Fewer affordable houses, even as credit eases
Today's housing market belches new numbers almost hourly, and some seem counter-intuitive; that is precisely because the current housing market is driven by abnormal circumstances. Sales and prices are driven by investors, and credit is being manipulated by the Federal Reserve.
Take, for example, Tuesday's quarterly home price report from the National Association of Realtors. It shows home prices up 10.1 percent year-over-year in the last quarter of 2013. That's a big gain, but not as large as the 12.5 percent annual gain in the third quarter of 2013.
"The vast majority of homeowners have seen significant gains in equity over the past two years, which is helping the economy through increased consumer spending," said NAR chief economist Lawrence Yun in a release. "At the same time, home prices have been rising faster than incomes, while mortgage interest rates are above the record lows of a year ago. This is beginning to hamper housing affordability."
Home price gains are coming down, but affordability is weakening. Shouldn't affordability be strengthening if prices are easing? No, because all-cash investors, not regular owner-occupant buyers in need of financing, are fueling the price gains. Home prices shot up so fast due to these investors, that many buyers, especially first-time buyers, were shut out of the housing market. At least, that's one contention.
"I don't really think it was driven by investors," said Richard Smith, CEO of Realogy in an interview. "Institutional investors represented a very small percentage of the market. They get a lot of the headline exposure, but they're not really having that big of an impact."
Instead, Smith argued, it is part higher interest rates, part flat income levels and a big part fast-rising prices. Those prices, he says are due to lack of inventory.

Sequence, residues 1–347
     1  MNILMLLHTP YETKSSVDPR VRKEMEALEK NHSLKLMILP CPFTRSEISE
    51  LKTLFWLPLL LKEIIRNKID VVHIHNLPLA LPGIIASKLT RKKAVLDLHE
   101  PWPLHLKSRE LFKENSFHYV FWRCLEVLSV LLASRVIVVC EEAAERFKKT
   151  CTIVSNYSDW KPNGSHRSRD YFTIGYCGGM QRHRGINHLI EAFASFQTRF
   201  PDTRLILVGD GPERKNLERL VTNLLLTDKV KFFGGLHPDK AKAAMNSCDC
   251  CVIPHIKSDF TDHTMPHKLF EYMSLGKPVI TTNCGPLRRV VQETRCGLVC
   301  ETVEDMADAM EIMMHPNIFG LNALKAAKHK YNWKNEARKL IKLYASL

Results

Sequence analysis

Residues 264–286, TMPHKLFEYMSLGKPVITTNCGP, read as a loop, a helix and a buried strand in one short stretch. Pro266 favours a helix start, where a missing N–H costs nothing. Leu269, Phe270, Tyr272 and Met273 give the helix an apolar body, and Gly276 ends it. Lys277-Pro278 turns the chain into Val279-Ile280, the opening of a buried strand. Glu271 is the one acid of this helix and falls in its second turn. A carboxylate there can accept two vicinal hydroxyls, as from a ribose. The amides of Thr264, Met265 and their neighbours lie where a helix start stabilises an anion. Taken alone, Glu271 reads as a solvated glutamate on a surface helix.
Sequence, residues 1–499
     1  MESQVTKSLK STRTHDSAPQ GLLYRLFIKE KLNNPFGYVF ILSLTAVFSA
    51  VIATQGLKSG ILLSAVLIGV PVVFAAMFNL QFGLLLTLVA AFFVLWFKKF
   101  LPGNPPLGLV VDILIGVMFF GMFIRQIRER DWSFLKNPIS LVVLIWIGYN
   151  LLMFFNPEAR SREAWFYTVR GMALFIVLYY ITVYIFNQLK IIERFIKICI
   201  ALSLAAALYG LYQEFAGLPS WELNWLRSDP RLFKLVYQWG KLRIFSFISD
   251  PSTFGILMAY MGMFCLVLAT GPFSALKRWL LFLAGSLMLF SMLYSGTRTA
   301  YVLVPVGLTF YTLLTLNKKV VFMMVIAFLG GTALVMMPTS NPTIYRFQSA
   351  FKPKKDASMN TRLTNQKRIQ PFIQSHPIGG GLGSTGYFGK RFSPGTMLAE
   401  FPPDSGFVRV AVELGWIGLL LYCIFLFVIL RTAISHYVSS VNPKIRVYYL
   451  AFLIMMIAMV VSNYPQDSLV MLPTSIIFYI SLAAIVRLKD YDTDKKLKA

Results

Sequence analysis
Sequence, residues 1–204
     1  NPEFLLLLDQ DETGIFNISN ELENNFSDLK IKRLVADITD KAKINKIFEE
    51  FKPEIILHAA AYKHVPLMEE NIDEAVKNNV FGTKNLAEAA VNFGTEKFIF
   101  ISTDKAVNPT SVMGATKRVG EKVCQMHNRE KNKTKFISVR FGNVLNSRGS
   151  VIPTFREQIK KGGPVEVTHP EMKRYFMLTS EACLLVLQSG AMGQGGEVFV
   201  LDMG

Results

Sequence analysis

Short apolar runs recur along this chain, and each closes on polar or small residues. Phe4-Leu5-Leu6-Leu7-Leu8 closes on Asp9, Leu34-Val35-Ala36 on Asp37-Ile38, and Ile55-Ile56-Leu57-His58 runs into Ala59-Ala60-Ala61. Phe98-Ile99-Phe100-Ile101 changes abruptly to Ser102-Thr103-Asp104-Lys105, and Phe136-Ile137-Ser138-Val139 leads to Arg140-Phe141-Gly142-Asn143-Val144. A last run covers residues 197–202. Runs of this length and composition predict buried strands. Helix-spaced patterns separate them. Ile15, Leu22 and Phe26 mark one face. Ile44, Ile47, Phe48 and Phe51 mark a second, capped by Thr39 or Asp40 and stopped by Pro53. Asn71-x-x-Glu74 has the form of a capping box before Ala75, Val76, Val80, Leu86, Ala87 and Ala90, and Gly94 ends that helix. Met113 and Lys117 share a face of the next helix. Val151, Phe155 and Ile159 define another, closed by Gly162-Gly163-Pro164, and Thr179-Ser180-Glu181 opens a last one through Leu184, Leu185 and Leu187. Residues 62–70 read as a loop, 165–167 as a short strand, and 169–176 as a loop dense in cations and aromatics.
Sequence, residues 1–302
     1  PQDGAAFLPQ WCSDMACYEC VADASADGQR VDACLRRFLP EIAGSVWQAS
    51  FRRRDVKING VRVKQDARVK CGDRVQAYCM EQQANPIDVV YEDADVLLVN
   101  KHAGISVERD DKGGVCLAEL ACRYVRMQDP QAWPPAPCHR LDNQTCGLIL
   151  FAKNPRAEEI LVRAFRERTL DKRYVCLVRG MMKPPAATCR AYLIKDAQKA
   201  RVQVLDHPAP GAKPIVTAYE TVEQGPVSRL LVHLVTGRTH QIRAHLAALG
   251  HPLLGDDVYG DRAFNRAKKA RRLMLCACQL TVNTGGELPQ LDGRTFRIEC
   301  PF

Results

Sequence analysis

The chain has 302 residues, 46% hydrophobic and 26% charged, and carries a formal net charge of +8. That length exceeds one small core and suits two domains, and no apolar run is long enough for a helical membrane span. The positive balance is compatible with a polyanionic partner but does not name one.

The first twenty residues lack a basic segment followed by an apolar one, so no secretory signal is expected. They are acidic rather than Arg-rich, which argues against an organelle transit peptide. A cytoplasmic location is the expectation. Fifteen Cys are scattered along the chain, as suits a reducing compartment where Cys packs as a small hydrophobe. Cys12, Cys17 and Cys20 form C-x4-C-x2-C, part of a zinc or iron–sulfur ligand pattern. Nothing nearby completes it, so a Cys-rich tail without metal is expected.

"Pricing is still reacting to demand outstripping supply, and until we see an increase in inventory, you're going to continue to see price increases that will be higher than what has been anticipated," added Smith.
Bad weather has had a big impact on new supply so far in 2014. That could mean that pent-up sellers will explode onto the market once temperatures begin to rise this spring. That is the big hope, but by no means a guarantee. The mortgage market has been a big wet blanket adding to all the recent snow and ice.
(Read more: Foreclosures could rise if Congress doesn't help)
But a thaw in credit could be coming. The latest monthly report from the Mortgage Bankers Association on credit availability found it had increased in January, at least a little.
"Overall, mortgage lenders and investors slightly expanded credit offerings in January on net, but this represented the combination of two divergent trends," said Mike Fratatoni, chief economist at MBA. "First, the market continues to adapt to the new QM [Qualified Mortgage] regulation by eliminating products that do not fit inside of the QM box. This tightening is being offset, both in the market for higher balance loans, where lenders continue to loosen terms for jumbo loans, and in the refi market, where more lenders are offering streamline refinance programs."
Buyer and seller perceptions of credit availability are also improving, according to a new report from mortgage giant Fannie Mae. A majority of consumers now believe that it is getting easier to get a mortgage, the first time in the Fannie Mae survey's three-and-a-half-year history.
(Read more: All-cash offers crushing first-time homebuyers)
"The gradual upward trend in this indicator during the last few months bodes well for the housing recovery and may be contributing to this month's increase in consumers' intention to buy rather than rent their next home," noted Doug Duncan, Fannie Mae's chief economist in a release.
Consumers in the survey also, however, expected home price gains to ease. It all throws a big wild card in the air for the spring market, historically the most busy season for home buying and selling.